With home prices on the rise, especially in markets like New York and San Francisco, it’s common for mortgage loan amounts to exceed the conforming and high balance conforming loan limits as set by regulation. These loan limits often cap out around $400,000 which proves challenging in more competitive real estate markets where the median home prices start at $1 Million.
This is where the jumbo loan comes into play. A jumbo loan is a home loan that exceeds the loan limits set by regulation. Often lenders are looking for what is called “The Big Three” when it comes to approving a candidate for a jumbo loan – income, assets and credit. But what lenders often neglect to emphasize with their clients is the reserve requirements related to a jumbo loan.
What are Reserve Requirements?
Reserve requirements are assets in your personal accounts that will cover the cost of the mortgage for a specified time. These asset requirements are typically all encompassing of what is called “PITI.”
What is PITI and Why is it Important?
PITI stands for principal, interest, taxes and insurance. When it comes to your reserve requirements the monthly payments you’ll need to prove assets for will include the mortgage principal, interest, taxes and insurance.
The number of months of mortgage payments you’ll need reserves for depends largely on the mortgage provider and the type of home you’re purchasing. If you’re purchasing a property you intend to live in yourself, you may be required to provide the lowest amount of reserves. For a second home or an investment property, a lender may request a few years of PITI to be set aside. Reserve requirement amounts can range anywhere from six months to several years of mortgage payment expenses for a jumbo loan.
What Can I Use For Reserves?
One of the first major requirements for your jumbo loan reserves is that the assets be “seasoned,” typically for at least two months. What does “seasoned” refer to exactly? It means that the money you’re claiming as reserves needs to have been in your personal accounts for an extended amount of time.
If you’re borrowing money from a relative or shuffling large amounts of money from business accounts and the assets have only recently hit your personal accounts, this will raise some red flags with your lender. They want to be sure your reserves were properly sourced and won’t disappear from your account upon closing.
When it comes to reserves it’s all about displaying your habits and patterns. Are you contributing to your reserves with every paycheck? Is the amount going into your reserves on a regular basis reflected in your overall income or are the assets coming from a third party? Lenders want to be sure that you will be able to support the new mortgage with your income and aren’t just borrowing money from somewhere or someone else to inflate your total reserves.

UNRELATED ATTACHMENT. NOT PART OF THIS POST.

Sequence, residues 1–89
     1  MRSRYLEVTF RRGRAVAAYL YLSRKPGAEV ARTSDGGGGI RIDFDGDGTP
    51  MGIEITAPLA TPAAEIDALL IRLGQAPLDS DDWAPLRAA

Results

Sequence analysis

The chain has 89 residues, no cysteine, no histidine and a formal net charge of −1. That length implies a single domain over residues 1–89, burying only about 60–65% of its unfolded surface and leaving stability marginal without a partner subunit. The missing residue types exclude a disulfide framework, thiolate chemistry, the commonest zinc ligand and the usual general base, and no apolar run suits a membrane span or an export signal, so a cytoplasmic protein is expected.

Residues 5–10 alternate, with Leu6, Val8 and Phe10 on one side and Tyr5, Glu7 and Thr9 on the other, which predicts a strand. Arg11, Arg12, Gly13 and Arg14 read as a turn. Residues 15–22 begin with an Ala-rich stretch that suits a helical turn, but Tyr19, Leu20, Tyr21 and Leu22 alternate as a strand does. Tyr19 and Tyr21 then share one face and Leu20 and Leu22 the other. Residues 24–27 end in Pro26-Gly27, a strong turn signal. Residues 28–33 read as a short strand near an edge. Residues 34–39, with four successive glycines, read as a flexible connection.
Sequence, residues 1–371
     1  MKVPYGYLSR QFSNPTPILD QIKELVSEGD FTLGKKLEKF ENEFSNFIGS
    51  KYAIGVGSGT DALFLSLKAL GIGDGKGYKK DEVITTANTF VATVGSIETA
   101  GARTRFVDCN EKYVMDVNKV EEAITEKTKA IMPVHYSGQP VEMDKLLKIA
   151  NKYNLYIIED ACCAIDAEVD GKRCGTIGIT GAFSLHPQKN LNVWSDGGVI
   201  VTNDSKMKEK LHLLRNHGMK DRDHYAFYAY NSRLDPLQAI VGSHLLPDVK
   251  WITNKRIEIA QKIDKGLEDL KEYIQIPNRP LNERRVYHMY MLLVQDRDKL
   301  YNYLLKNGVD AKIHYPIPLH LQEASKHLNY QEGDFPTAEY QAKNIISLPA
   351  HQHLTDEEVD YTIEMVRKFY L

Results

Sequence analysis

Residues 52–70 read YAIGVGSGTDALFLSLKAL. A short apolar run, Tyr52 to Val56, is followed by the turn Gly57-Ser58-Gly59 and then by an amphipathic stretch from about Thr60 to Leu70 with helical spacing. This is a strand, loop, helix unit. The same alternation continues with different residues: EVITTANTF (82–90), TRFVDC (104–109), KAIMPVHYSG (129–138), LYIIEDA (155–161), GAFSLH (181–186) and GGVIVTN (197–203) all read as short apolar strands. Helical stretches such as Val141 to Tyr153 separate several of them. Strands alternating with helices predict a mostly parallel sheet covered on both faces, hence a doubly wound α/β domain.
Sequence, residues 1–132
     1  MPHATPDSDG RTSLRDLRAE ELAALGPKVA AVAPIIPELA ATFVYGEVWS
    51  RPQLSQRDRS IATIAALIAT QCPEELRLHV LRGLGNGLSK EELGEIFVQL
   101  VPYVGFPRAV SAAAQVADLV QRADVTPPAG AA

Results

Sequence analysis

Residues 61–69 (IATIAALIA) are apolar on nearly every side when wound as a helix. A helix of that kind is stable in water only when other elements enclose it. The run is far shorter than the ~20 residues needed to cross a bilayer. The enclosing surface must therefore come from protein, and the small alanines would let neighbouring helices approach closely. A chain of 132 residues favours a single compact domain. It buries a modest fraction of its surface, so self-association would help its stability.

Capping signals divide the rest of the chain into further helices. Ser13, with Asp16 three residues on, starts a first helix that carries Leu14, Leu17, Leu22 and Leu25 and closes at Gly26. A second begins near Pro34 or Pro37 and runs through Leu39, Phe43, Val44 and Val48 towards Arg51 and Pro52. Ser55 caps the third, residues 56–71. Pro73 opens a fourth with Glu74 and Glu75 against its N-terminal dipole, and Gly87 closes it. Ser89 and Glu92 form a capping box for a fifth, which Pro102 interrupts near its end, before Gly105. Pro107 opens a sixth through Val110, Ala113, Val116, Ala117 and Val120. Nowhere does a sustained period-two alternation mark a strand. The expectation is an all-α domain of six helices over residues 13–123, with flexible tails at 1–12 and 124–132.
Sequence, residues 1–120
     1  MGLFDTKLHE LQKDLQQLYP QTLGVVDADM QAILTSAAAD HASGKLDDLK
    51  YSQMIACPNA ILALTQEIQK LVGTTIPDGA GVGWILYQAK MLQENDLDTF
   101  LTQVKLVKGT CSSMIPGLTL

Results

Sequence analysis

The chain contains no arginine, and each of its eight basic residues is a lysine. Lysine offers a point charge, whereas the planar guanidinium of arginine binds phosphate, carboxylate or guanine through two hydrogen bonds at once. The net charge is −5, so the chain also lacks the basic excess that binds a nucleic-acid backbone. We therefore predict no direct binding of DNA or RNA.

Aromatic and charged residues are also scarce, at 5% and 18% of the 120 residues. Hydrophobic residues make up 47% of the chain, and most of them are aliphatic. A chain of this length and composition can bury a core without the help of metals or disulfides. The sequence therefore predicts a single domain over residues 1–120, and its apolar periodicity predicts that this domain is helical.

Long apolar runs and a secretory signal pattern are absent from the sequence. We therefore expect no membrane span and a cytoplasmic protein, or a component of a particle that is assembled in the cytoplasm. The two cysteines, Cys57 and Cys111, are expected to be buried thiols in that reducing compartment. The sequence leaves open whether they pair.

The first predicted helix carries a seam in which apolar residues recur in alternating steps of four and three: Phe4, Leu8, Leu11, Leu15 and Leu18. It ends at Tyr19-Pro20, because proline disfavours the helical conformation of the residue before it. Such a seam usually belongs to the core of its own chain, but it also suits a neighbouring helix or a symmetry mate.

What types of assets can be contributed to my total reserves?
Anything liquid that you have in your accounts will be considered part of your total reserves, but what about non-liquid assets? If you don’t quite meet the reserve requirement with your liquid assets, you can leverage your investment portfolio and retirement accounts to make up the difference.
Lenders do typically discount the value of an investment portfolio or retirement account to around 60 or 70 percent, so you shouldn’t go in expecting that your stocks or mutual funds will be transferred to your reserves at 100 percent their value.
Lenders may also request the terms of withdrawal for any non-liquid accounts. Are the funds easily accessible? What type of penalty will you face with an early withdrawal? While you won’t be required to withdrawal funds from your accounts, the lender will want to know what difficulties you will face if you do have to access the money to pay your mortgage.
What about gifts of money or business funds?
Gifts of money and business funds prove to be a bit of a gray area. Different lenders have varying guidelines and restrictions for using business funds to fulfill your reserve requirements, and will also vary further based on sole-proprietorships, partnerships, S corporations, and C corporations.
Certain types of gifts may cause more issues than others. The lender will always look to see how long the assets have been in your accounts, and where they originated. The type of gifts that will sound an alarm for lenders include cash gifts from someone who is not a relative, from someone that does not provide a gift letter, and any large sum of money transferred into your account that cannot be verified through a paper trail. Lenders will want an explanation and documentation for any large sums of money hitting your account.
What can I do to prepare to apply for a jumbo loan?
It’s critical to have all your ducks in a row long before applying for your jumbo loan. Consulting with a mortgage lender before you even begin your home search can save you some serious headaches when it comes time to apply for your jumbo loan. Here are a few tips to prepare for the jumbo loan application process.
• Make sure your credit score and income is in line with the requirements of your potential jumbo loan.
• Ensure the assets in your personal accounts are properly seasoned and any large sum deposits are backed by proper documentation.
• Calculate your total assets as the sum of your liquid assets, a percentage of your investment or retirement accounts (as determined by your lender), and any gifts or business accounts that have been vetted with your lender.
Acquiring a jumbo loan for your dream home or that next great investment property doesn’t have to be confusing and stressful if you know exactly how to calculate your total assets as they relate to the reserve requirements for your jumbo loan. With a little help from the experts and some preparation on your part, you’ll be ready to sign on the dotted line in no time.
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